CALGARY - The father of one of three people found dead in a burned-out car in Calgary earlier this year says he was willing to drive for two hours in the snow to attend a court appearance for a duo charged in connection with his son's death.
Troy Pfeiffer says he plans to make the trip from the village of Barons in southern Alberta every time Yu Chieh Liao and Tewodros Kebede have a court date.
He said he was worried about driving through nasty conditions Thursday morning, but he was determined to get to the Calgary courthouse.
"We had half an hour of bad drive and the rest of it was ... like a blessing hit the highway. It was clear sailing for most of the way," he said.
"It's a two hour drive, but I would drive 10, 12, 20 hours if I had to."
Liao, 24, and Kebede, 25, are charged with accessory after the fact in the deaths last summer of Cody Pfeiffer and sisters Glynnis Fox and Tiffany Ear.
The pair are also charged with first-degree murder in the death of 26-year-old Hanock Afowerk, the owner of the car.
Liao, who also goes by the first name Diana, was excused from court Thursday and had a lawyer appear on her behalf, while Kebede appeared by video and did not speak.
"First reaction is, you want to attack that TV screen," Troy said outside court.
But then the anxiety he has had since his son's death bubbled up and his palms got sweaty.
He was there with his other son, Kyle, who he said has been hit hard by the loss of his brother.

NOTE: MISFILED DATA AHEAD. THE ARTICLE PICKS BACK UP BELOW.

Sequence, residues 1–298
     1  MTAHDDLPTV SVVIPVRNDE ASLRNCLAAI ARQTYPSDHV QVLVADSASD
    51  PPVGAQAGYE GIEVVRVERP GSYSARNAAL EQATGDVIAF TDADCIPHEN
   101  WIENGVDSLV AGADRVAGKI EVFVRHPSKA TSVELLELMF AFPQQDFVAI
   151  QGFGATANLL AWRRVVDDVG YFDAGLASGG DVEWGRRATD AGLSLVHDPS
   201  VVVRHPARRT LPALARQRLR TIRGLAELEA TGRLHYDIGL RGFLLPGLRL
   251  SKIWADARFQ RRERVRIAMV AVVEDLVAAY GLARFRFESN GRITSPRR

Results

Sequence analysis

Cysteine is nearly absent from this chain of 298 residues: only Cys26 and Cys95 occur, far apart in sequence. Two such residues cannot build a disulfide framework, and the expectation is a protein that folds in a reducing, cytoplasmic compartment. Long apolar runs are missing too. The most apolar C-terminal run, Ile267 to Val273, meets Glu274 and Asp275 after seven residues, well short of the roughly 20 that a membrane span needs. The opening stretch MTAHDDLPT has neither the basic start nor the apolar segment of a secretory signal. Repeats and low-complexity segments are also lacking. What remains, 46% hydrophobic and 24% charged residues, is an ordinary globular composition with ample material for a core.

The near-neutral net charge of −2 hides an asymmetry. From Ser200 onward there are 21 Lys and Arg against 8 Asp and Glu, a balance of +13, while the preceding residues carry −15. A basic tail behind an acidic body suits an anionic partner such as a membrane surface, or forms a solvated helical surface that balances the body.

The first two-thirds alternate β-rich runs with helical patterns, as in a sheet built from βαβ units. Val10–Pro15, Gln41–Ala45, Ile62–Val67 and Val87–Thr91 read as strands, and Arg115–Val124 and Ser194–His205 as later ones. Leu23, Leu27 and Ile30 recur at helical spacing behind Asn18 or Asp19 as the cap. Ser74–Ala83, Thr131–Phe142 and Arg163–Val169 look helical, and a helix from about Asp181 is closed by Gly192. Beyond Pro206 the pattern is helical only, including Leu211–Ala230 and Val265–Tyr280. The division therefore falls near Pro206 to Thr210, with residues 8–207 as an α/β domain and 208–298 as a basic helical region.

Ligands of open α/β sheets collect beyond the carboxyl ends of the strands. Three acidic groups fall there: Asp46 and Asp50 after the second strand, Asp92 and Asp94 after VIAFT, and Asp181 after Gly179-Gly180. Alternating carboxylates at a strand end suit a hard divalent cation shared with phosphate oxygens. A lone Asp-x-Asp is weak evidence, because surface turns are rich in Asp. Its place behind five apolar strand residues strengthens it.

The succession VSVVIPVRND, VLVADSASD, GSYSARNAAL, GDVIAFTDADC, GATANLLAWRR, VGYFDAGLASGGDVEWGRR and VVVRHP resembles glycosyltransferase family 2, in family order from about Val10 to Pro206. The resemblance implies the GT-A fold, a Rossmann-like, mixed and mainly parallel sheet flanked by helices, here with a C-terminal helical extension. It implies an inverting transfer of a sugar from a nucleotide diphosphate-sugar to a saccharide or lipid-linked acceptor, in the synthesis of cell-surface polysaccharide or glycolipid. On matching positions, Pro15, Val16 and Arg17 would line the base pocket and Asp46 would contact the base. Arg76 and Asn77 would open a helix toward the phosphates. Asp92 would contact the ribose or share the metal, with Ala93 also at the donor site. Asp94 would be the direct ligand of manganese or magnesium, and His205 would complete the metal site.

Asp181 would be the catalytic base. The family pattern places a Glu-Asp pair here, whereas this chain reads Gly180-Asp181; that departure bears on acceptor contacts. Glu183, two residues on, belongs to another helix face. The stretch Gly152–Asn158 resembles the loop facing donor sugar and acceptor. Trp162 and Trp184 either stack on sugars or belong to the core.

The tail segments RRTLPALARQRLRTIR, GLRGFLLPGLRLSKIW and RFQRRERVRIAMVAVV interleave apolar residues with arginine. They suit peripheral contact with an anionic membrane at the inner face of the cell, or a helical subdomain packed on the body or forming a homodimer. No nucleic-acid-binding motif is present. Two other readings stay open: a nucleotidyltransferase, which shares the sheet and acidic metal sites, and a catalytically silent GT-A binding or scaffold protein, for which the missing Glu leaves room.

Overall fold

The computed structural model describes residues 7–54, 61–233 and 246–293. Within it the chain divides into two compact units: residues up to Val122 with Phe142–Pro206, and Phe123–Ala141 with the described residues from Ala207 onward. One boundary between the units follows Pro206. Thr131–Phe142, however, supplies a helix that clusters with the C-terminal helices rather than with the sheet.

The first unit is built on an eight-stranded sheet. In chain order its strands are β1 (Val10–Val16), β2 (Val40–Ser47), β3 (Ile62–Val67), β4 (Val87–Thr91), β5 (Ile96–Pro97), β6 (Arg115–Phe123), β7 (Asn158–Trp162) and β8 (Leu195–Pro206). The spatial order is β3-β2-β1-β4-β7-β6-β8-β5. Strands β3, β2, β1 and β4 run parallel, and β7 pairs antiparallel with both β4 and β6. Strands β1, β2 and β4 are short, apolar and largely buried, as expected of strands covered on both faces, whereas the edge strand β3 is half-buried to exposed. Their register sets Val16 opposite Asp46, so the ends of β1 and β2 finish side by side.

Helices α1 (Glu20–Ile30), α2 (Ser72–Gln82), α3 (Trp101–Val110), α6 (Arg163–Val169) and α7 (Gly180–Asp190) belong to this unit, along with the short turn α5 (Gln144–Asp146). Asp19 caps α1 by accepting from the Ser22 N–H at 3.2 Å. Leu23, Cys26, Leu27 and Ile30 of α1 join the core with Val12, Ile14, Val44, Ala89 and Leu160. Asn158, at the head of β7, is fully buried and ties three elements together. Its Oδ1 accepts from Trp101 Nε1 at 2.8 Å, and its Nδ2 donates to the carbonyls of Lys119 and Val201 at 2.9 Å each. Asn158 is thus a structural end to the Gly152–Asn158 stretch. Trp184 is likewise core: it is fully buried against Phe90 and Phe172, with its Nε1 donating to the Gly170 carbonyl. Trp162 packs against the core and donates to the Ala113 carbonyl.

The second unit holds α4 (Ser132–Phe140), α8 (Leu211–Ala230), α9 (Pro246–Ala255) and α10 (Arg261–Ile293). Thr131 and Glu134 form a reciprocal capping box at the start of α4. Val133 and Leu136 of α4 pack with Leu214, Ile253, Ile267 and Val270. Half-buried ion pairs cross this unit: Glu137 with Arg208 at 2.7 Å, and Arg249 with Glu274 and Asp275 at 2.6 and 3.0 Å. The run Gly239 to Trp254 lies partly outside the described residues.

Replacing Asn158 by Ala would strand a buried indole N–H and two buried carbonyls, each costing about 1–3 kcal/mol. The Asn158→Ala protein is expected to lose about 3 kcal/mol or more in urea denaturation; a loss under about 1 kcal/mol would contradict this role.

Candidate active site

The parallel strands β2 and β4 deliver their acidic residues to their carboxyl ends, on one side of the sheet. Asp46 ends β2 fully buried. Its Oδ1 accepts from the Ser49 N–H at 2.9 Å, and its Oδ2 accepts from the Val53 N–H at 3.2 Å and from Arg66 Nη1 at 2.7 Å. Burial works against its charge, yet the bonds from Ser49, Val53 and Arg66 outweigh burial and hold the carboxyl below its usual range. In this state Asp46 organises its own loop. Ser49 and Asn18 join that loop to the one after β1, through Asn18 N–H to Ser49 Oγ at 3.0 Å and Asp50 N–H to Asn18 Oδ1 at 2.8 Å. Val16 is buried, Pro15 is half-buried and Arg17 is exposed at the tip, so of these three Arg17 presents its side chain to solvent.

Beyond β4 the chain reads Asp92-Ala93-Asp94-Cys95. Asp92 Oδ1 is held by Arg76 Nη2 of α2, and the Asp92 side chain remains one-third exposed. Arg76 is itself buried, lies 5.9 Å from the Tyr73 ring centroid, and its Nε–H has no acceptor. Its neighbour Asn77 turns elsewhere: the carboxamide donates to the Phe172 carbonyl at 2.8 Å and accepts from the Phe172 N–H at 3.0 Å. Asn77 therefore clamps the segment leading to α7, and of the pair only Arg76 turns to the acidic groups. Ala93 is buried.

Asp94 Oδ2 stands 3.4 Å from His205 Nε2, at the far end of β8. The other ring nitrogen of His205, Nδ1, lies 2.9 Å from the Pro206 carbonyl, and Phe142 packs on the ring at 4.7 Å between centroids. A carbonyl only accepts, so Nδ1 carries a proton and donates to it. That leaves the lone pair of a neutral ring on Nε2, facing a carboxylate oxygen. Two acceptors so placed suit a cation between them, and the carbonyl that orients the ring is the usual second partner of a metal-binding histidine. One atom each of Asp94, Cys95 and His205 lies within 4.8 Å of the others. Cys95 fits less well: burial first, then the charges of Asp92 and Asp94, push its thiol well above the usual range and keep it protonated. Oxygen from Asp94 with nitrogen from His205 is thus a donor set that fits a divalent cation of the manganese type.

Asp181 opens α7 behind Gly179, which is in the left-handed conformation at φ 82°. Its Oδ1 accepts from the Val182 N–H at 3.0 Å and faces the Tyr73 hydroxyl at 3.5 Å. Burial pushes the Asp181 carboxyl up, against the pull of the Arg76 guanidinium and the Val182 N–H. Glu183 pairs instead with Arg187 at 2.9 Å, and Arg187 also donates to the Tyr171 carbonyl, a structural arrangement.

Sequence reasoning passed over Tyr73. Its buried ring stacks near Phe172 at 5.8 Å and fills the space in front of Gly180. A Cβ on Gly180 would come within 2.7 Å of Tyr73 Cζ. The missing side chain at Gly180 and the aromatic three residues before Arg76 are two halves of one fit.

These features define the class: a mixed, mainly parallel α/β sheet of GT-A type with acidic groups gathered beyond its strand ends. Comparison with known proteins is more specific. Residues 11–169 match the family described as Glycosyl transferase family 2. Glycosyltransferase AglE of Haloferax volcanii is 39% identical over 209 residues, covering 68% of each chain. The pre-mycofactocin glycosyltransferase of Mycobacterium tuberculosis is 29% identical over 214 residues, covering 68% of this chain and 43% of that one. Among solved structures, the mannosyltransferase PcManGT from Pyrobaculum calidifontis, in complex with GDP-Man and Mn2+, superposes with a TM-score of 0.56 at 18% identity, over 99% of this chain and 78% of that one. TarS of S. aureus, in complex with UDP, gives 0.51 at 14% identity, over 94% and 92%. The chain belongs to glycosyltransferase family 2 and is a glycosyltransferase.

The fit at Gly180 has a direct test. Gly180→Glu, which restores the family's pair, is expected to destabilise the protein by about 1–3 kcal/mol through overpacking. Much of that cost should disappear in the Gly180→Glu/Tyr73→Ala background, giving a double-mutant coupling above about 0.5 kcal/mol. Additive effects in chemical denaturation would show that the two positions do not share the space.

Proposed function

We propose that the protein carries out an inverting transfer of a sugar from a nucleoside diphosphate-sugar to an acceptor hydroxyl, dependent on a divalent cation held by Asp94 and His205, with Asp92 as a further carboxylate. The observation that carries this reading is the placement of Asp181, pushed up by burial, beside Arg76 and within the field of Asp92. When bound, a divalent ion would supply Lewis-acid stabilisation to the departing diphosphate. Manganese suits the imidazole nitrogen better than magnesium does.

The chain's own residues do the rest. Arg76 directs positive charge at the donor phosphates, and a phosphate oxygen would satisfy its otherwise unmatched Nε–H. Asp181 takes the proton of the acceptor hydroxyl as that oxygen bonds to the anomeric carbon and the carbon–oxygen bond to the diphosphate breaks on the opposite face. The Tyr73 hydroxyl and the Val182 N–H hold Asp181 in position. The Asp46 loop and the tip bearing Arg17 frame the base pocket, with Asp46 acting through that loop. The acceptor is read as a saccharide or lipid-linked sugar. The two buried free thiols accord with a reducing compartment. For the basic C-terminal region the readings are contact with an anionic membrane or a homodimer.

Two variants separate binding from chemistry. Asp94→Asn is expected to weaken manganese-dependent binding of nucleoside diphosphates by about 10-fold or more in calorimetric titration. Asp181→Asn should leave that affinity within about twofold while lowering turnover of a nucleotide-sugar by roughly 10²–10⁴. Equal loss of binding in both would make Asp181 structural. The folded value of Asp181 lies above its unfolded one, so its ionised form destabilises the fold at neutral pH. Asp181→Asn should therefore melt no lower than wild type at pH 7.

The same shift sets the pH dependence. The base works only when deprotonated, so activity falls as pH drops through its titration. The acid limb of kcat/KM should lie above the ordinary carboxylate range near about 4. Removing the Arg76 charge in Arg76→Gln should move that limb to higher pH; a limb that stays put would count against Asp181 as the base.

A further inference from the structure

"He's destroyed — he really is. Those two were inseparable," he said. "It didn't matter if they said something wrong to each other the night before. The next day it was good to go."
Troy said his son, who was 25, always showed kindness to people even if he was having a terrible day.
"Cody had such a kind heart. It's just the hardest thing to get over."
The case was put over until Nov 29.
Lawyers for Liao and Kebede said they were waiting for police to send over evidence.
Susan Karpa, Liao's lawyer, said the delay in getting evidence has been unreasonable and provincial court Judge John Bascom agreed.
"I find the delay inordinate and my belief is that if the police don't have the disclosure, they shouldn't be laying the charges," the judge said.
Pfeiffer, Fox and Ear were found dead in a burned-out car at a suburban Calgary construction site July 10.
Fox, 36, and Ear, 39, were sisters from the Stoney Nakoda First Nation, who relatives have described as loving mothers who left behind 16 children between them.
Afowerk was found two days later in a rural area west of the city.
Police have said the four victims and two accused all knew each other and that "loose criminal networks" were involved in killings they have described as brutal and ruthless.
Even though charges have been laid, police have said the investigation is ongoing and they are still looking for more people who may have been involved.